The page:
One important fact I didn't realize is that there are two versions of Daisy, an Asian cut and a director's international cut. From what I've researched, the director's cut is the better version because it includes twenty-five additional minutes. It also rearranges some of the scenes, so that the overall compilation makes more sense with the non-linear presentation that is hinted at with the Asian cut version. The non-linear timeline is really important for the film's reveal, and it's done in such a manner that it's still easy for the viewer to follow the narrative. This style works well with the different points of view that are expressed through the lead characters, Hye-young, Park Yi, and Jeong Woo. Because there are three narratives being told simultaneously, there are quite a few scenes that include voice overs (a necessary twist due to a surprise in the plot). Luckily, the voice overs are not contrived and do not distract from the film. In fact, they add an important depth to the film that works well with the non-traditional storytelling techniques. The beauty of the non-linear storytelling and the shifts in perspective is that it keeps the viewer in suspense as the film culminates to a single climatic event right before the surprise ending. Director Wai-keung Lau uses a split screen that showcases his characters' emotions during this event. It's an engaging moment in the narrative and is extremely well-crafted. These types of scenes are a testament to Lau's skills as a storyteller. He cleverly edits the film to highlight interesting and important reveals.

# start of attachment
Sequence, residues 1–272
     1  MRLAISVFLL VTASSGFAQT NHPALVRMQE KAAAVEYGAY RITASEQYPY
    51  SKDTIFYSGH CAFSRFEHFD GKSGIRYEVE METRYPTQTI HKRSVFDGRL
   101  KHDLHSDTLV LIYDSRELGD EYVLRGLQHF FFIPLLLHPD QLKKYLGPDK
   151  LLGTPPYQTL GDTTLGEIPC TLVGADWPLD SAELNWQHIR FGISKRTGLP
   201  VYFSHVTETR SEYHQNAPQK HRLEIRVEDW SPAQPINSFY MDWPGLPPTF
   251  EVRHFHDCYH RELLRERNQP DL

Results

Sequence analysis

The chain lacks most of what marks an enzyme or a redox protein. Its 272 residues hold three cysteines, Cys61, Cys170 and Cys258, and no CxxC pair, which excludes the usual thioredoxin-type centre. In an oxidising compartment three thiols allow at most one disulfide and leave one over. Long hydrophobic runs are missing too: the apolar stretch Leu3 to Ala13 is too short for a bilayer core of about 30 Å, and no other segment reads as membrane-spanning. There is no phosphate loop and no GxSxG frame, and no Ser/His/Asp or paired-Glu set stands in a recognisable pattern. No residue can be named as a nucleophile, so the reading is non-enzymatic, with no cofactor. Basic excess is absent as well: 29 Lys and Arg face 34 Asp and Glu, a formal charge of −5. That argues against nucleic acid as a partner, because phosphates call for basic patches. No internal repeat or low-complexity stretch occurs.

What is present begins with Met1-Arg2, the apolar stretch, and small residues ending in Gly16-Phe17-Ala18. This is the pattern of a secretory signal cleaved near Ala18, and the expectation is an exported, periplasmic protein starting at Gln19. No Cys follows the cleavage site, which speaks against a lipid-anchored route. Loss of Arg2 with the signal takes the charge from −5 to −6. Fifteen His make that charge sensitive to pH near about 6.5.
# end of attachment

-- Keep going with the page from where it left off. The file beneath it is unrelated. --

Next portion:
The music in the film was also carefully selected to match the stylistic filming and landscapes. There is plenty of soothing classical music, which touches a viewer's soul during the most dramatic scenes. Contrasting some of these moments is the poignant use of silence during intense dramatic or action scenes. The strengths of the actors are revealed in their ability to convey deep emotions without any sound. One of my favorite scenes is when Hye-young opens the door to reveal Jeong Woo. There is no talking. They silently gaze at each other, and then, from behind, Park Yi looks around the corner to see who has arrived. This was an emotionally intense scene without any noise--well directed and acted.